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Flashcards in 5-State & Tools of Statecraft Deck (21)
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1

What is statecraft?

a state's strategy for vis-a-vis (with regards to) other states

2

What is a state according to the 4 legal conditions outlined in the 1933 Montevideo Convention?

TSAR

1) T - territory; geographically bounded territorial base

2) S - stable population within its borders

3) A- allegiance; population owes its allegiance to an effective government

4) R - recognition; other states recognize it diplomatically

3

What is a nation?

a group of people who share a common history, heritage, language, customs, culture, etc.

4

What is credibility in the context of tools of statecraft?

other states believe a state can/will do what it says

when a state has both the ABILITY and INCENTIVE to act

or CAPABILITY and INTENT

5

What is diplomacy in the context of tools of statecraft? How do liberals and realists view diplomacy?

the use of bargaining and negotiation, taking or refraining from a specific action, or appealing to a foreign public for support of a position

liberals - talking is better than not talking

realists - skeptical; effective only when backed by military or economic forces

6

To what does "two-level game" refer in the context of statecraft? How can it be a complicated game?

influencing other state actors as well as their domestic audiences

policies/actions that work at one level may not work at the other

7

What is public diplomacy in the context of statecraft?

targeting both foreign publics and elites to create an overall image that enhances a country's ability to achieve its diplomatic objectives

8

What is track-two diplomacy?

using individuals outside the government to carry out negotiations

9

What are the 3 types of economic sanctions?

positive engagement, i.e., carrot (aka positive sanctions)

negative sanctions (sanctions), i.e., stick

smart sanctions - targeting the specific "who" behind the "what" (activity) rather than an entire state (thus recognizing the importance of the individual in IR...what do realists think about smart sanctions?)

10

How effective are economic sanctions?

one empirical study of UN-imposed sanctions found that they changed behavior only 10% of the time

Thomas Biersteker, Sue E. Eckert, Marcos Tourinho, and Zuzana Hudakova, The Effectiveness of United Nations Targeted Sanctions: Findings from the Targeted Sanctions Consortium, http://repository.graduateinstitute.ch/record/287976/files/effectiveness_TCS_nov_2013 .pdf (accessed1/4/18).

11

What is compellence?

actions to cause behavior

when a state threatens to use force to get another state to do something or undo an action

12

What is deterrence?

actions to prevent behavior

when a state threatens to use force IF another state does something

13

What is the rational model of decision-making?

a state (unitary actor) identifies a problem, defines goals, determines policy alternatives (COAs), weighs costs/benefits, and selects the action with lowest cost & highest benefit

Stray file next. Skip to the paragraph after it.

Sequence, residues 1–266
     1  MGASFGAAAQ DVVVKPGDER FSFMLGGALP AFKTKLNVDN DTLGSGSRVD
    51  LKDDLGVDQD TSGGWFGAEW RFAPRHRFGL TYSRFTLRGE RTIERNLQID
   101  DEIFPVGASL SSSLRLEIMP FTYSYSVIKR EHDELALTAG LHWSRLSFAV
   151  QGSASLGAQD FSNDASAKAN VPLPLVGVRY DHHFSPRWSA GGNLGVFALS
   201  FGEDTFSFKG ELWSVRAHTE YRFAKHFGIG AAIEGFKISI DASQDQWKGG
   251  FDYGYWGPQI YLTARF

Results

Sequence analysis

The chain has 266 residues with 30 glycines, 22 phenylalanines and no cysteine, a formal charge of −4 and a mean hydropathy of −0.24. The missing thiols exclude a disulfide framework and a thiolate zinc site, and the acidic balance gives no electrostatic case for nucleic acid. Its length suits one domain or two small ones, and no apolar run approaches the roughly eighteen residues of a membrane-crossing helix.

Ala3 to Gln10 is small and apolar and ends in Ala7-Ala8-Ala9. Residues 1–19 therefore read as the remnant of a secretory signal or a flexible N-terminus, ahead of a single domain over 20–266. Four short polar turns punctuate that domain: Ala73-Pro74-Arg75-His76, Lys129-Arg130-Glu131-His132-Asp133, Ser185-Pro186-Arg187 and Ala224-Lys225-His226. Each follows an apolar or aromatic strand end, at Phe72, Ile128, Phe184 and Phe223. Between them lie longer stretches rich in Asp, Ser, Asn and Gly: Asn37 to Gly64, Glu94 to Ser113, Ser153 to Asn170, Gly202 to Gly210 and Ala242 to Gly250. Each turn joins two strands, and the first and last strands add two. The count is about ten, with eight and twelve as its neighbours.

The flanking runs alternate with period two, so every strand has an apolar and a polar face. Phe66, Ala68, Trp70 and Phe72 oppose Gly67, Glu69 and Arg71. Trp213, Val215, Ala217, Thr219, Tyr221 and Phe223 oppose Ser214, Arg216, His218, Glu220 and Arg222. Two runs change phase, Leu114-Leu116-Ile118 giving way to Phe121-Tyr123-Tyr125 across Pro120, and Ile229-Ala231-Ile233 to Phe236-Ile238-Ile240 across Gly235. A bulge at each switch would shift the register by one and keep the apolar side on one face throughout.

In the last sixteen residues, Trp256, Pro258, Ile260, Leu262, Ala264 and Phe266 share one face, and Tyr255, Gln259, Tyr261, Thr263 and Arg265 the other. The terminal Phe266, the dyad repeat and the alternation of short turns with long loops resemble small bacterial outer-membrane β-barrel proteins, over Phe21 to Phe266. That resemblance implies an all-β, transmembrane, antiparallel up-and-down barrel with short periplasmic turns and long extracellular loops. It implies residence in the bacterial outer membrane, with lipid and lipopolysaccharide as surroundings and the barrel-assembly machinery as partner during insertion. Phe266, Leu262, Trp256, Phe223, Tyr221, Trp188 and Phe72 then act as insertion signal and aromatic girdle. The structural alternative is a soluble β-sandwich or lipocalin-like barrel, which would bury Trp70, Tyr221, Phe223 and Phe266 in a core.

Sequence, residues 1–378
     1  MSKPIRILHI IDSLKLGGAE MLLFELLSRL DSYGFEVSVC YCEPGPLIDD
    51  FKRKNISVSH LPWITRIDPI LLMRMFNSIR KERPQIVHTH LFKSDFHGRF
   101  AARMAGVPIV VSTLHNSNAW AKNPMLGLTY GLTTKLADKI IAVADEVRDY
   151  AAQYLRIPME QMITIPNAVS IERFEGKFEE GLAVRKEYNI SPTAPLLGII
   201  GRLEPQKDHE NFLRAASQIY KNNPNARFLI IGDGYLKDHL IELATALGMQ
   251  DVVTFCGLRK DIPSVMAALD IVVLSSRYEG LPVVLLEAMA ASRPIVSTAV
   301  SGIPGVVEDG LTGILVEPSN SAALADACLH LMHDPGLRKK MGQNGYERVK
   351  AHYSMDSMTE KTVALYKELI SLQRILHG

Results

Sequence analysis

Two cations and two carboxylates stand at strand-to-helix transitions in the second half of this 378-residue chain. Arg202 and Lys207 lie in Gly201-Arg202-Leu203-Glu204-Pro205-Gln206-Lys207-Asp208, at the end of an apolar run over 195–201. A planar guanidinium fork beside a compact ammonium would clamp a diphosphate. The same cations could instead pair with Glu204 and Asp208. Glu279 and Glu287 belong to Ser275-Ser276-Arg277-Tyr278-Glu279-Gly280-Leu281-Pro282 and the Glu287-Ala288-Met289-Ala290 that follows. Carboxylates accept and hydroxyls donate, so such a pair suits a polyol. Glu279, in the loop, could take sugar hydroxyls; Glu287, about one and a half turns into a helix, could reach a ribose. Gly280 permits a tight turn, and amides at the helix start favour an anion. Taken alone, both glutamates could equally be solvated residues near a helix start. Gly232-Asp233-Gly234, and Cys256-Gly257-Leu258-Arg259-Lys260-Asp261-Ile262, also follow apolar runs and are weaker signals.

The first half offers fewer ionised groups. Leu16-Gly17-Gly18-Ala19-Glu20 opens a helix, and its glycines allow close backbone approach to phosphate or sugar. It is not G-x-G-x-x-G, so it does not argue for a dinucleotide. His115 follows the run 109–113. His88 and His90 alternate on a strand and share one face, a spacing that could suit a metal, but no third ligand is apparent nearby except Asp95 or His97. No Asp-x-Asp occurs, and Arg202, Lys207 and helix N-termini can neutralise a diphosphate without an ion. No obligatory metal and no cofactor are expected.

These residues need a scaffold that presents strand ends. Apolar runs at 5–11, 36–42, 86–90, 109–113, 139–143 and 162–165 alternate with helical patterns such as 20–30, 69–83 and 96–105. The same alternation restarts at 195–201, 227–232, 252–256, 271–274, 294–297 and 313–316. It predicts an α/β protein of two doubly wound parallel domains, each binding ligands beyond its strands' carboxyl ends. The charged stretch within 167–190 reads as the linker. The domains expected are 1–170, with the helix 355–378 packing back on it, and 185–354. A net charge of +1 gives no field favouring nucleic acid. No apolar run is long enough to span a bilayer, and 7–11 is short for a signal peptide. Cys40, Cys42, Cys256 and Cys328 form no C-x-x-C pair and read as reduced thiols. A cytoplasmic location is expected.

[assumes an ability to properly scope the problem, identify the full range of viable policy options, and identify the full range of costs/benefits]

14

What is the bureaucratic / organizational model of decision-making?

highlights the role that sub-national gov't organizations and bureaucracies play in influencing policy decisions

organizational procedures or bureaucratic interests influence decisions

15

What is the pluralist model of decision-making?

societal groups influence foreign policy decisions

e.g., interest groups, MNCs, public opinion, mass movements

16

What is satisficing?

when decisions reached are not the most rational/best outcome, but rather a minimally acceptable solution to all relevant parties

17

How do realists / neorealists view using state power, foreign policy-making, and its determinants?

How do realists / neorealists view using state power, foreign policy-making, and its determinants?

1) USING STATE POWER: emphasis on coercive techniques of power; force acceptable

2) MAKING FOREIGN POLICY: emphasis on rational model of decision-making; unitary actor assumed once decision is made

3) DETERMINANTS OF FP: largely external/international factors

18

How do liberals / neoliberals view using state power, foreign policy-making, and its determinants?

How do liberals / neoliberals view using state power, foreign policy-making, and its determinants?

1) USING STATE POWER: broad range of power techniques; preference for non-coercive alternatives

2) MAKING FOREIGN POLICY: bureaucratic/organizational and pluralist models of decision-making

3) DETERMINANTS OF FP: largely domestic factors

19

How do constructivists view using state power, foreign policy-making, and its determinants?

How do constructivists view using state power, foreign policy-making, and its determinants?

1) USING STATE POWER: power is a tool of elites for socializing societies through norms

2) FP-MAKING: decisions based on norms and strategic culture that regulate policy sectors

3) DETERMINANTS OF FP: external factors in combination with domestic civil society

20

What are some contemporary challenges to state power?

globalization

transnational movements

ethnonationalist movements

transnational criminal organizations

fragile states

21

What is an enthonationalist movement?

a movement of people seeking their own state

attempting to replace current government with one representing the interests of the movement